Most Windows IT people have extremely insecure personalities. Being nerdy, or a spod is something that has made them very unpopular since school. Used to a lonely life, and being picked on in their youth, they see IT as a way of grouping together with other like-minded individuals, and exercising some power for a change on all those people who ridiculed them. They might not be popular, have bad skin, smell and generally have zero social skills, but they can make you feel inferior in awe of their Windows IT skills.

And, by it’s very nature, when you use Windows, you need people like this. The whole Microsoft infrastructure makes them feel wanted, needed and superior. Whole careers, whole lives, even whole personalities are propped up by the Windows monopoly.

Then, along comes Apple and all their Mac users (and to a certain extent iPod users), with our different, fruity computers threatening all of this.

We have no respect for these people because we don’t need them. Free of the need of a geeky friend or spoddy IT support staff, we see them as they really are – sad, lonely nerds with no people skills and personalities moulded by spending far too much time fixing Windows, when they’d be far better off staring out of one for a change – this might actually stimulate an original thought.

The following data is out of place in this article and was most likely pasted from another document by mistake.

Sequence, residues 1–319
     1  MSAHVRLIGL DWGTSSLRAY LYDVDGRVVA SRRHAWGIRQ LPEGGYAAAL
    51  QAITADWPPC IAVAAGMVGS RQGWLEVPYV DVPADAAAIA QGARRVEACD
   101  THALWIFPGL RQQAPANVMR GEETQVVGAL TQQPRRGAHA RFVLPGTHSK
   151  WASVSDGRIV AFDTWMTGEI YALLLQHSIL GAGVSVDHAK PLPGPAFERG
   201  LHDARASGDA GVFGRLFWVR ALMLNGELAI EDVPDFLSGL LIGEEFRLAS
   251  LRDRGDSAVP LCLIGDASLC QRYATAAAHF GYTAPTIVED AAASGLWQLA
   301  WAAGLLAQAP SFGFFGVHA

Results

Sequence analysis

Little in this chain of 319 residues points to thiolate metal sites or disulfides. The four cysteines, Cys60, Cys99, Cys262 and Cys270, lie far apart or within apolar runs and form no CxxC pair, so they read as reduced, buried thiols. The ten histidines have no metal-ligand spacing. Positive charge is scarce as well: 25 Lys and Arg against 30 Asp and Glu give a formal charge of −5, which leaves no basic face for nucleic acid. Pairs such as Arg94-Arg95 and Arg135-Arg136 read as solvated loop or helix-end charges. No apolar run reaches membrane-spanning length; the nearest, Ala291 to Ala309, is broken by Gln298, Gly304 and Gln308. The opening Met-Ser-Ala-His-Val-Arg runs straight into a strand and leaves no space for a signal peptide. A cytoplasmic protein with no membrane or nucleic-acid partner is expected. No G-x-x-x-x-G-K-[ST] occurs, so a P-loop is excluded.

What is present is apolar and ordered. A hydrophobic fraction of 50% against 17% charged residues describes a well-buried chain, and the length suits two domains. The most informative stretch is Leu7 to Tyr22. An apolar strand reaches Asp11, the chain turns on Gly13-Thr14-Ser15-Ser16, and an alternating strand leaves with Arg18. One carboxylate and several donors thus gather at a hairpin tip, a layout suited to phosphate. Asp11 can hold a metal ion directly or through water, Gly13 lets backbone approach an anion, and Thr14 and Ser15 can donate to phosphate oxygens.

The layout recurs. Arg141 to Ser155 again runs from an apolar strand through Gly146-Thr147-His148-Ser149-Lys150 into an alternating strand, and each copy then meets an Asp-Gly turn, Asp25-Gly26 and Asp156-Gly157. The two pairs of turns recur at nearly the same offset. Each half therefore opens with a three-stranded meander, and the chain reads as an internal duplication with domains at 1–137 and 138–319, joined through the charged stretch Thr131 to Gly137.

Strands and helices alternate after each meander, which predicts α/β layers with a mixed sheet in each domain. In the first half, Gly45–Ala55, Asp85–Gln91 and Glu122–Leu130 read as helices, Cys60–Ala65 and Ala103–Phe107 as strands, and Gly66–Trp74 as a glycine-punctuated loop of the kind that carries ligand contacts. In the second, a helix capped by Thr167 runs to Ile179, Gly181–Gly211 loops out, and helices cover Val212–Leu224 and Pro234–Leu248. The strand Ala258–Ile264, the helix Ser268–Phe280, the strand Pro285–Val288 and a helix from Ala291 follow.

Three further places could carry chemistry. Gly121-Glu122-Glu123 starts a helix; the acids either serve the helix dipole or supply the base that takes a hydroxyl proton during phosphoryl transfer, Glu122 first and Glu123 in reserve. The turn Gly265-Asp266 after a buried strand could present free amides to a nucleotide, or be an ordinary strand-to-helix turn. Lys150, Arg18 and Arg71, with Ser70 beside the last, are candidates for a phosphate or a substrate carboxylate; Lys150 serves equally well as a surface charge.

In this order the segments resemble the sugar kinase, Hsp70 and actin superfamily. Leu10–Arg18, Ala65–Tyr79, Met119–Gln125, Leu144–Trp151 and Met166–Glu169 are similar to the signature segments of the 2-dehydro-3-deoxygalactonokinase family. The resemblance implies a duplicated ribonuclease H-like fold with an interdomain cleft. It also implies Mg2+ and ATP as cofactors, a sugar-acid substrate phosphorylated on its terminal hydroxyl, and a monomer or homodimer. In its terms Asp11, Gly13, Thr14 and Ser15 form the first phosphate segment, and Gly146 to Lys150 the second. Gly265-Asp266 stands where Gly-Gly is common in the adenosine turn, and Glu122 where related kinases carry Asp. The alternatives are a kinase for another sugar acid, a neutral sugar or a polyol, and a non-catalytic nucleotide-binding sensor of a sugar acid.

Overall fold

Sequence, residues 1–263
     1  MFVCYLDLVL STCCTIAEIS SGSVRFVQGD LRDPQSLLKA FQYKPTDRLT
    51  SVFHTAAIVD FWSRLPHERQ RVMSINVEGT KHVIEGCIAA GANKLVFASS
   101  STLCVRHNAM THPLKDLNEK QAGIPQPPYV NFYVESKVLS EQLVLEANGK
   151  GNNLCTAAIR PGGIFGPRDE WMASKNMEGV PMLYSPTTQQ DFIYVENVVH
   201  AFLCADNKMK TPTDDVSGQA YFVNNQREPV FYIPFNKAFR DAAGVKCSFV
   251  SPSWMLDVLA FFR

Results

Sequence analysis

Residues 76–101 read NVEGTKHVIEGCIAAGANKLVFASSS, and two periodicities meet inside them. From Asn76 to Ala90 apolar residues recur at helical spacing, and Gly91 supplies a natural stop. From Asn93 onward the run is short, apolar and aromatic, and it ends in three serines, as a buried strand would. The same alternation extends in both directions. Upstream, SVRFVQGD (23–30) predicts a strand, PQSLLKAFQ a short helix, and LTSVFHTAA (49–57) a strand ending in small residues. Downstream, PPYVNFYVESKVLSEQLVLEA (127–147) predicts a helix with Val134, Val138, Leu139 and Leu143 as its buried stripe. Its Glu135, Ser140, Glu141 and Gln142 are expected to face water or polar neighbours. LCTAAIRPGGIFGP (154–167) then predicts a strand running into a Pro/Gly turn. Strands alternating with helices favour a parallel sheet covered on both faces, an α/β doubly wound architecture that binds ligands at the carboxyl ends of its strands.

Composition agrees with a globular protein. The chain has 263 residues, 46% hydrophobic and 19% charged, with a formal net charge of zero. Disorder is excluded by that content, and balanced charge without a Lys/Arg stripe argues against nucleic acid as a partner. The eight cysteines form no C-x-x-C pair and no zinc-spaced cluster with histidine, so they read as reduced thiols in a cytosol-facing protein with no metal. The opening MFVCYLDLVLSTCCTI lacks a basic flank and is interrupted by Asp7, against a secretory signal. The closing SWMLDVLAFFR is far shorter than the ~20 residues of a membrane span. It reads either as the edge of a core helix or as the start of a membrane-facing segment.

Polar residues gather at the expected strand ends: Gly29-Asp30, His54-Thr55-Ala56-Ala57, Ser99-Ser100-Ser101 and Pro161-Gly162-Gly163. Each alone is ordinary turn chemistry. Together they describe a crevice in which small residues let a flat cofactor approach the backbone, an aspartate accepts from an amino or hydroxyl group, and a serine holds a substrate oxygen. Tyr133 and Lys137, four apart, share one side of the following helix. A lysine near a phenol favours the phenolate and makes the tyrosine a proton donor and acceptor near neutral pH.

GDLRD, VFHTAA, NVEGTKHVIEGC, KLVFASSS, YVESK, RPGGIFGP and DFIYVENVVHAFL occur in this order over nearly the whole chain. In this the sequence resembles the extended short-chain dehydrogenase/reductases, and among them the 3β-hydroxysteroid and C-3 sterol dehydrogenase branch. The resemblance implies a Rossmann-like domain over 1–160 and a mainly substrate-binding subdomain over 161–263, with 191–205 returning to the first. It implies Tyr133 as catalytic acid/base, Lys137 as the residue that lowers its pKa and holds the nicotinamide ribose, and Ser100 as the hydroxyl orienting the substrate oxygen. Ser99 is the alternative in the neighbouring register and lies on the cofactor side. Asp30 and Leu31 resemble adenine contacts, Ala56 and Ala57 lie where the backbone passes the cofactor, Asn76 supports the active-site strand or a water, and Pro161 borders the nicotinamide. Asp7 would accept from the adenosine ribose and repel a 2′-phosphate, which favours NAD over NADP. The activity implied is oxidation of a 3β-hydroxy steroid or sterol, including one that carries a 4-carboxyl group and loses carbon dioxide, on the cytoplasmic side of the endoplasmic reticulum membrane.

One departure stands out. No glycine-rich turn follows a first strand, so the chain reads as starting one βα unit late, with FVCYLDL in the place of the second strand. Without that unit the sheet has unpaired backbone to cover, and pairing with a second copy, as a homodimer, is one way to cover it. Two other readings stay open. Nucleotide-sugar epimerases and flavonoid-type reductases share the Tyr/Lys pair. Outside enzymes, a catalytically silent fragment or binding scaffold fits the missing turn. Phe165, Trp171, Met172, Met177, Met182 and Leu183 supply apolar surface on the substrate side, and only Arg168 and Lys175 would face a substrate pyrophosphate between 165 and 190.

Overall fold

Windows geeks, spods & nerds may not even realise this, and not admit it to themselves, but Mac users touch a very sensitive nerve that strikes at the very core of their being just by existing.

This raw, sensitive nerve is exposed every time a Windows IT Manager tries to shut down a Mac department, every time a Windows web designer ignores the Mac, every time a Windows colleague makes a jibe at the expense of Mac colleague, and every time a sad, lonely Windows geek in his bedroom, has another crack at that Mac virus he’s been working on for the past couple of years, and still can’t get to work properly.

In the Macarena code is a message from its author, it reads “so many problems for so little code”. Obviously this little statement illustrates that they are having difficulty in getting a Mac virus working.

It doesn’t occur to the author that the Mac OS is stable, well written and naturally secure from the ground up. Under ordinary circumstances any normal person, with a stable, well-functioning personality would switch platforms, or at least give the Mac some credit. But we’re not dealing with normal people, we’re dealing with people who have severe personality disorders, and they’re really pissed.

In order to vent their frustration, they’ll go back to their Dell PC in their bedroom and have another go. Best of luck.

I’ll still be here using a stable, productive, virus and problem free Mac-based network waiting for your next effort, just like the other 20 million plus Mac users out there.
It’ll be interesting to see what comes next, but only from a morbid fascination as to the motivations of people who’s lives operate like this, I won’t lose any sleep, nor will my Mac experience any downtime.